“My research continues to amaze and baffle me. As human beings, we are geniuses. What we didn’t get from the home, we find ways of getting elsewhere. It’s evident, then, when one looks at the stats we don’t have a teenage pregnancy problem and we don’t have a street gang problem. I will even suggest that we don’t have a drug and alcohol problem, nor do we have a crime problem rather, these are only the symptoms that we are experiencing, and the real problem is broken homes that result in broken lives.”
Drexel Deal, The Fight of My Life is Wrapped Up in My Father

“The so-called symptoms of disease are manifestations of an inherent principle of the organism to restore healthy function and to resist offending agents and influences.”
Herbert M. Shelton, Getting Well

Toba Beta
“Future warns us through current symptoms in nature.”
Toba Beta, My Ancestor Was an Ancient Astronaut

Mango Wodzak
“Pharmaceutical quick fixes are not what you need, you must face up to your symptoms and acknowledge this is not just random victimisation. Every symptom has its reasons.”
Mango Wodzak, The Eden Fruitarian Guidebook

Lisa Kleypas
“Whatever else you may think about me," he said gruffly, "I would never play that kind of game with you. The devil knows how you could doubt my attraction to you after our lesson at Baujart's. Or didn't you notice that being near you made me as randy as a prize bull?"
"I noticed," Garrett whispered sharply. "However, the male erection isn't always caused by sexual desire."
His face went blank. "What are you talking about?"
"Spontaneous priapism can be caused by scrotal chafing, traumatic injury to the perineum, a flare-up of gout, an inflamed prostatic duct-" Her list was interrupted as Ransom hauled her against him, front to front.
She was alarmed to feel his entire body shaking. It wasn't until she heard a ragged chuckle near her ear that she realized he was struggling not to laugh.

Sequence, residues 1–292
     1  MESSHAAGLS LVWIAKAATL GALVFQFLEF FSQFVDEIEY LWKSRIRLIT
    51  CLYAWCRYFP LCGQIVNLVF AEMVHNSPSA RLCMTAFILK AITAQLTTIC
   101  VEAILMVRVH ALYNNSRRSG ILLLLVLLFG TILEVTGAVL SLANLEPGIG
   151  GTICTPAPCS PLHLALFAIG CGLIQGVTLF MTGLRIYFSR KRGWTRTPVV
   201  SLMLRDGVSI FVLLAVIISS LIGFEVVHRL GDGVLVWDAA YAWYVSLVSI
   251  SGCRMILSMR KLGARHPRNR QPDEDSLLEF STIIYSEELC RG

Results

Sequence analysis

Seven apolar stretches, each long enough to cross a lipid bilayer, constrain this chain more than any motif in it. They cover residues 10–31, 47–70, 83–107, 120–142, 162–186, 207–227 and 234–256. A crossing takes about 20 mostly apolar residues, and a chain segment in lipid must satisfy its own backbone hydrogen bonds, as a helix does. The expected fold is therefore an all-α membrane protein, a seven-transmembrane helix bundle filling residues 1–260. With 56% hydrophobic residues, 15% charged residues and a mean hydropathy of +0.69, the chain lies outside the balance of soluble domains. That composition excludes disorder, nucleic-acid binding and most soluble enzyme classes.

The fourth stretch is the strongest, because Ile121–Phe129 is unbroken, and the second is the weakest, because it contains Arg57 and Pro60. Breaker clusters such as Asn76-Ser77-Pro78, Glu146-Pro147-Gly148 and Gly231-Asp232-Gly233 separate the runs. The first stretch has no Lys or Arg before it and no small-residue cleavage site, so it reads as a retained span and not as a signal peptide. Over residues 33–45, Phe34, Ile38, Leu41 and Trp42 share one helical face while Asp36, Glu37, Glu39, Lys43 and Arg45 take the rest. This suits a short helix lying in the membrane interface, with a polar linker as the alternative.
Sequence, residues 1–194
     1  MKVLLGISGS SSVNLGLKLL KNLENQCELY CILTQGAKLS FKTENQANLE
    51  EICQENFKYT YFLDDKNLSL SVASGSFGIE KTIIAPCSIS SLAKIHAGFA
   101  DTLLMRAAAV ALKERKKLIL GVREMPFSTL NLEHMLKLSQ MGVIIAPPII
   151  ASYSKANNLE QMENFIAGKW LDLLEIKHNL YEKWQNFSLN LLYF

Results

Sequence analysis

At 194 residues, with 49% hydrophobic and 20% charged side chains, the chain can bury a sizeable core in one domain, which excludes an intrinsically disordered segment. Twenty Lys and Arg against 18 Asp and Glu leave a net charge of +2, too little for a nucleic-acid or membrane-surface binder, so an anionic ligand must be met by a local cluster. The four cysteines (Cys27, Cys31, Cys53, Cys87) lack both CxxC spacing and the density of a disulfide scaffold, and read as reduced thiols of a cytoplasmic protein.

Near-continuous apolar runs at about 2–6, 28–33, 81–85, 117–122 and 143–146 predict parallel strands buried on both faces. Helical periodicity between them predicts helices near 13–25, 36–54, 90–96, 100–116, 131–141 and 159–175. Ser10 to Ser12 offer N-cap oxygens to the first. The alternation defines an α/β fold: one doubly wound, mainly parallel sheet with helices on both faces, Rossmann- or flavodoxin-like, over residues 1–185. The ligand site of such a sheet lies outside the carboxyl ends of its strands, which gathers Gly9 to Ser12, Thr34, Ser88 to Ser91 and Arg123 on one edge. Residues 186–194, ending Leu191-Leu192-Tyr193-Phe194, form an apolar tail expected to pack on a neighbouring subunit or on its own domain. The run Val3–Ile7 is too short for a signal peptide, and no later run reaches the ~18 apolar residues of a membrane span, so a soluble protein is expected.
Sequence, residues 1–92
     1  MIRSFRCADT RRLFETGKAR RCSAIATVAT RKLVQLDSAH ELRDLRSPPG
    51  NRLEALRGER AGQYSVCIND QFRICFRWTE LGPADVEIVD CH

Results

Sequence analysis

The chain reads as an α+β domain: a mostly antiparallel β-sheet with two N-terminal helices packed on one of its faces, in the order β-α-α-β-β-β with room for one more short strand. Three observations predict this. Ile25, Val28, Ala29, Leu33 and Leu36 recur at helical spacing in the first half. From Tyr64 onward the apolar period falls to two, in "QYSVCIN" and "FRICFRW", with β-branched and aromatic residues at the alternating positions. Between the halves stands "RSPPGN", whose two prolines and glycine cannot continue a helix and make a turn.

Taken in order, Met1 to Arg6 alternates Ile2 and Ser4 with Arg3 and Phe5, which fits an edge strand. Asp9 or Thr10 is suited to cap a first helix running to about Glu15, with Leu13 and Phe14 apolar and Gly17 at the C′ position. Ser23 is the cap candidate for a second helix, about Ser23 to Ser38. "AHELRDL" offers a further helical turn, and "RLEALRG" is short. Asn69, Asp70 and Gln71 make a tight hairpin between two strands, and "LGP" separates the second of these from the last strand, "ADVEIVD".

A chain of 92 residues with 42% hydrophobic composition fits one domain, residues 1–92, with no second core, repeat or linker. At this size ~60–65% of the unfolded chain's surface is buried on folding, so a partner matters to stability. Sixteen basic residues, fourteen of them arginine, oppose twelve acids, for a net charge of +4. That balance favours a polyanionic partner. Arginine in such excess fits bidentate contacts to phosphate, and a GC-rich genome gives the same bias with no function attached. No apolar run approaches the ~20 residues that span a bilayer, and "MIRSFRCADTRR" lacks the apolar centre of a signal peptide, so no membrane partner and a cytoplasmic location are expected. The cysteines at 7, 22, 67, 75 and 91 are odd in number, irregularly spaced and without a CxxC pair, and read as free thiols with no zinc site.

"Why is that funny?" she asked, her voice muffled against his chest. He didn't reply, couldn't, only shook his head vehemently and continued to wheeze. Nettled, she said, "As a physician, I can assure you there's nothing humorous about involuntary erections."
That nearly sent him into hysterics.
"Holy God," he begged, "no more doctor-talk. Please."
"It wasn't from scrotal chafing," Ransom eventually said, a last tremor of laughter running through his voice. Letting out an unsteady sigh, he nuzzled against the side of her head. "Since we don't seem to be mincing words, I'll tell you what caused it: holding a woman I'd already dreamed about more than I should. Being near you is all it takes to put me in high blood.”
Lisa Kleypas, Hello Stranger

Toba Beta
“Sensitive to symptoms could enhance security.”
Toba Beta, My Ancestor Was an Ancient Astronaut

“When people are suffering from mental illness, they have symptoms not character flaws.”
jamie west zumwalt, Beloved Chaos: moving from religion to Love in a red light district

Steven Magee
“At the age of 45, most days in Tucson were spent feeling like I was on the summit of Mauna Kea, as I was exhibiting debilitating health symptoms that corresponded to what I saw at very high altitude. I was later to find that I had erratic low blood oxygen levels after almost a decade of high altitude work.”
Steven Magee

“What remains in diseases after the crisis is apt to produce relapses.”
Hippocrates, Aphorisms

“When the traumatic event is the result of an attack by a family member on whom victims depend for economic and other forms of security (as occurs in victims of intrafamilial abuse) victims are prone to respond to assaults with increased dependence and with paralysis in their decision-making processes. Thus, some aspects of how people respond to trauma are quite predictable - but individual, situational and social factors play a major role in the shaping the symptomatology.”
Marion F. Solomon, Healing Trauma: Attachment, Mind, Body and Brain

Emmanuel Fombu
“Real healthcare occurs outside of the doctor's office and hospitals, not when the patient shows up to make a complaint once their symptoms have developed.”
Emmanuel Fombu, The Future of Healthcare: Humans and Machines Partnering for Better Outcomes

Kate Morton
“Girls in Victorian London were employed in all manner of menial positions- domestic servants, fruit sellers, flower girls- and Eliza's depiction of mangles and hot tubs in some of her fairy tales suggests that she was intimately acquainted with the task of laundering. The vampirelike beings in "The Fairy Hunt" may also reflect the early nineteenth-century belief that sufferers of consumption were vampire-afflicted: sensitivity to bright light, swollen red eyes, very pale skin and the characteristic bloody cough were all symptoms that fed this belief.”